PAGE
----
As I mentioned earlier, Mike Baird is the son of Bruce Baird, which is an interesting fact. Bruce Baird used to be a state member on the north side of Sydney, the member for Northcott. He retired from the state parliament but some years later was persuaded to come down and live in Cronulla and to challenge the then Liberal federal MP for Cook, Stephen Mutch. Bruce Baird won the preselection and came into the parliament, and he served here with distinction for many years.

Senator Abetz —Is that ‘surfed’ or ‘served’?

Senator FORSHAW —‘Served’. He is also, I acknowledge, a very keen ocean swimmer and participates both in Australia and internationally in ocean-swimming events. I regard Bruce Baird as a good friend—and a great Sharks supporter, which I am going to come to in a minute. It was okay for Bruce to come to Cronulla to get a seat in the federal parliament but Mike Baird, his son, back in Manly is getting stuck into us. Frankly, I think it is a disgrace.

That leads me to my second acknowledgement tonight, and that is the fact that tomorrow night the Sharks rugby league club play the Storm in the semifinal of the National Rugby League. I have my fingers crossed that we are going to win and get to the grand final. Who we will play I do not know, but it could well be that we are up against our old nemeses, the Manly Sea Eagles, the team that beat us—we believe we were robbed—on the two previous occasions we made the rugby league grand finals. We have never won a championship in 42 years. Since joining in 1967, Cronulla have not won a rugby league title, and that is a tragedy. But we have one of our best chances this year.

It is a team that is, as they say, not a team of champions but a champion team. Ricky Stuart, the coach, has welded them together as a very forceful and cohesive unit and they have had great success this year in sharing the minor premiership with Manly and with Melbourne, who ultimately won it on points for and against. I do want to single out one player for special recognition tonight, and that is Brett Kimmorley. Brett Kimmorley came to play for Cronulla in 2002, after having played for the Hunter Mariners; the Melbourne Storm, where he was involved in their historic grand final win in 1999; and the Northern Eagles, at a rather difficult time, as we know, for rugby league and for the Northern Eagles club.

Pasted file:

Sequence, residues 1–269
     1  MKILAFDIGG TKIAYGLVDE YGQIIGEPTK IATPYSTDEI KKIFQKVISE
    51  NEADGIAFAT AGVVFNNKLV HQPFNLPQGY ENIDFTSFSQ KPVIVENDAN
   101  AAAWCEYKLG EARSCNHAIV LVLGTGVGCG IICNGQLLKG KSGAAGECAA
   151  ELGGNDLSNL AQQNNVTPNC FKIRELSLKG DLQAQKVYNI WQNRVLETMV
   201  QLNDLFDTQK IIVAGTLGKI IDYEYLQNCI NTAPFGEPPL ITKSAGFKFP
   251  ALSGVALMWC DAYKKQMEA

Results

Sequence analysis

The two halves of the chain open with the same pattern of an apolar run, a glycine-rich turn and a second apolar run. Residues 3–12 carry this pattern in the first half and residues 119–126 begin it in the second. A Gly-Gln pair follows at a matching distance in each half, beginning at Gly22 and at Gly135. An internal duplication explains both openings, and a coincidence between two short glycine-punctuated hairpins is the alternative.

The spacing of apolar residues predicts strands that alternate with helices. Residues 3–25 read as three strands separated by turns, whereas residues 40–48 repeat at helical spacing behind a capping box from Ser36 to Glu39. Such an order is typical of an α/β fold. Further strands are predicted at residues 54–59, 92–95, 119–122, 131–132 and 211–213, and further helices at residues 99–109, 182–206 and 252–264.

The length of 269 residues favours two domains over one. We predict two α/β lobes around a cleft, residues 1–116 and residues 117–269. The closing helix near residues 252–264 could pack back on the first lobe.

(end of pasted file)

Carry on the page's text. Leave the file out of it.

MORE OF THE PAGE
It is fair to say, because it is well documented in the media, that Brett Kimmorley has never been the most popular player. He has often—in my view, very unfairly—borne the brunt of the criticism when the Cronulla Sharks team has not been playing very well. In fact, a couple of seasons ago we had a pretty poor season and Brett, because he was the star player and captain, copped all the unfair criticism. Nobody should ever have doubted Brett Kimmorley’s passion for the game and for the Sharks. He always gave 100 per cent or more and, I believe, carried the team through those difficult years. It is no coincidence that today he is playing some of the best football of his career, at a time when the Sharks are going well.

He has been a fantastic role model off the field, doing a lot of charity work and providing support—as was recently reported, to a family that is very close to him who tragically suffered the loss of a child’s life in a fire in Nelson Bay. Brett Kimmorley is a fantastic advertisement for what is good about rugby league. We are going to miss him. He is leaving the Sharks at the end of this year to go and play for the Bulldogs—a team that is not doing terribly well, as we know. They have had a lot of off-field dramas and have not performed very well this year, but I think Brett Kimmorley is going to be a part of the resurgence of the Bulldogs club. I just want to thank Noddy for his great service. Go the Sharks!